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Discussion about yesterday’s mercury “beating heart” reaction post got me thinking about chemical oscillators in general. Turns out, the mercury beating heart may be the only mechanically oscillating chemical reaction that anybody knows about. It’s certainly the only one I know about, and its the only one I can find on the web. But if you know of another mechanically oscillating reaction, do please drop me a comment. However……there are other oscillating chemical reactions. None of them result in mechanical action, but the cyclical color changes of, for instance, the Briggs-Rauscher reaction (shown above) are pretty cool in and of themselves. The prototype chemical oscillator is the Belousov-Zhabotinsky reaction (Wikipedia) which was only discovered in the 1950s. For years, no respectable journal would print reports of oscillating chemical reactions because many editors could not reconcile their understandings of thermodynamics with the notion of an oscillating reaction. Guess who had to eat crow?

Thanks to YouTuber groswilly for the above footage.

Sean Michael Ragan

I am descended from 5,000 generations of tool-using primates. Also, I went to college and stuff. I write for MAKE, serve as Technical Editor for MAKE magazine, and develop original DIY content for Make: Projects.


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Comments

  1. Fred says:

    my chemistry prof’s thesis was on the “Beating chicken fat heart” experiment. He described a phenomenon where fat, under certain conditions, would get more or less viscous. The oscillating viscosity caused a “beating heart” looking thing. Similar to the mercury one, but it doesn’t require an iron nail. And it works a little differently.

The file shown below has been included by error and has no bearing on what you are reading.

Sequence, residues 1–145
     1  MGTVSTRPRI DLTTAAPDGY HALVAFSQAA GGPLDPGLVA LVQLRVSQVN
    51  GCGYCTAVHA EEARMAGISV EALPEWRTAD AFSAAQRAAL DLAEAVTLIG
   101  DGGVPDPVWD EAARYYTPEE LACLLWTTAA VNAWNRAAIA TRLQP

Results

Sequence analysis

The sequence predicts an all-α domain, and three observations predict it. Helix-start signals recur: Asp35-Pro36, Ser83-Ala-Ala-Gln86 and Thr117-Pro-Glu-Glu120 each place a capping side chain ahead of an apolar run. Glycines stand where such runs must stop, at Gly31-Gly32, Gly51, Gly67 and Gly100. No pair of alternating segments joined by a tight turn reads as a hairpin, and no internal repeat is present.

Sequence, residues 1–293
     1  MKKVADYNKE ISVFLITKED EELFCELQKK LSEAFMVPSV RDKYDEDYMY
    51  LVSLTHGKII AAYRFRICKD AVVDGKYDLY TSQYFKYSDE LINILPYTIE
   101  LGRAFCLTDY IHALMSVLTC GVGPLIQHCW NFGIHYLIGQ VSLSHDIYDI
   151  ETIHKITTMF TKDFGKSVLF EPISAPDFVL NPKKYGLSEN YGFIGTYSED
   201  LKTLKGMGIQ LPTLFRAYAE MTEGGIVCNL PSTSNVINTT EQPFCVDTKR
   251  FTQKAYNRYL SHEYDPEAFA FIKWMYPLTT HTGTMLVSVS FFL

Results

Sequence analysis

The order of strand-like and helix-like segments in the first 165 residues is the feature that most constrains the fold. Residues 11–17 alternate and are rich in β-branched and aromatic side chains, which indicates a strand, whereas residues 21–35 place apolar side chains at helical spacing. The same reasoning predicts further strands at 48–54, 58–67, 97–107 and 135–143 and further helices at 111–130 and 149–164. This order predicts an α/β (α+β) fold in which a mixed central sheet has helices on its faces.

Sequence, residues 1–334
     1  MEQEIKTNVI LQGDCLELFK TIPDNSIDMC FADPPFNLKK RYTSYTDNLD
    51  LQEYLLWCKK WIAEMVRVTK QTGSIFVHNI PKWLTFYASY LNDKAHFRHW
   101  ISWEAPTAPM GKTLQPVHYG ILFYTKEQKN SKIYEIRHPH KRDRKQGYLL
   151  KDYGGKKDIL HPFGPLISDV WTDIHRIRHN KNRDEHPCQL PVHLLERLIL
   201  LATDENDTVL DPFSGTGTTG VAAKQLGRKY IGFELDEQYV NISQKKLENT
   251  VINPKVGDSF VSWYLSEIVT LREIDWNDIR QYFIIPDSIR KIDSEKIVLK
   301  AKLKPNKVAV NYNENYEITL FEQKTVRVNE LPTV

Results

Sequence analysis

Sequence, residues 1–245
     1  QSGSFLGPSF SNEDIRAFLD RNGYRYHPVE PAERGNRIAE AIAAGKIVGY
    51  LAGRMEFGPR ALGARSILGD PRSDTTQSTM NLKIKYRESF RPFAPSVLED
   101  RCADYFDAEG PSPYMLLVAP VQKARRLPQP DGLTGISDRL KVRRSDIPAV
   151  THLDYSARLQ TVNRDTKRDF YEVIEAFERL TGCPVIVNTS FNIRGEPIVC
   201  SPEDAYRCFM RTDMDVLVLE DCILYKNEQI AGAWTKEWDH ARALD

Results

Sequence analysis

1. Sean Michael Ragan says:

      Cool! That sounds perfect. I don’t suppose there’s some way I could contact your prof? Or you could just tell me where he did his thesis as it’s probably still on file there. If you are inclined. Feel free to e-mail me directly at sean@makezine.com.

      Thanks a bunch!

  2. Jonathan says:

    I believe Sodium and probably other alcali metals can bounce on the surface of water, but not necessarily for very long.
    Then it either fades away or blows up (sort-of)…..

    Does that count?

    1. Sean Michael Ragan says:

      I would say yes, that counts, in principle. And it suggests some general features such a system might have: a reactive material, which is brought by gravity (or perhaps spring-power) into contact with a reagent and is then separated from it again by the energy of their reaction, which then subsides and allows gravity (or the spring) to reunite the materials.

  3. Jan says:

    There are effects based on oscillating burning in fireworks. For example whistle-mix (whistling rockets) and strobe compositions (strobe pots, strobe stars,…) For more informations try to find book: Fireworks the Art Science and Technique by Takeo Shimizu.

  4. Filip says:

    There is a similar reaction with gallium. Molten gallium is placed in sulfuric acid with an oxidizer and the blob of gallium acts just like the mercury in this video.
    Check it out on periodic table of videos:
    http://www.periodicvideos.com/videos/031.htm

  5. Ruth Shear says:

    What ? No shout out to good old pchem lab? I loved that oscillating reaction experiment. When it worked.

    1. Sean Michael Ragan says:

      Yo, Doc Ruth, up in the hizzy! U.T. P-CHEM 4-EVA BABEEEEEEEE!

      =]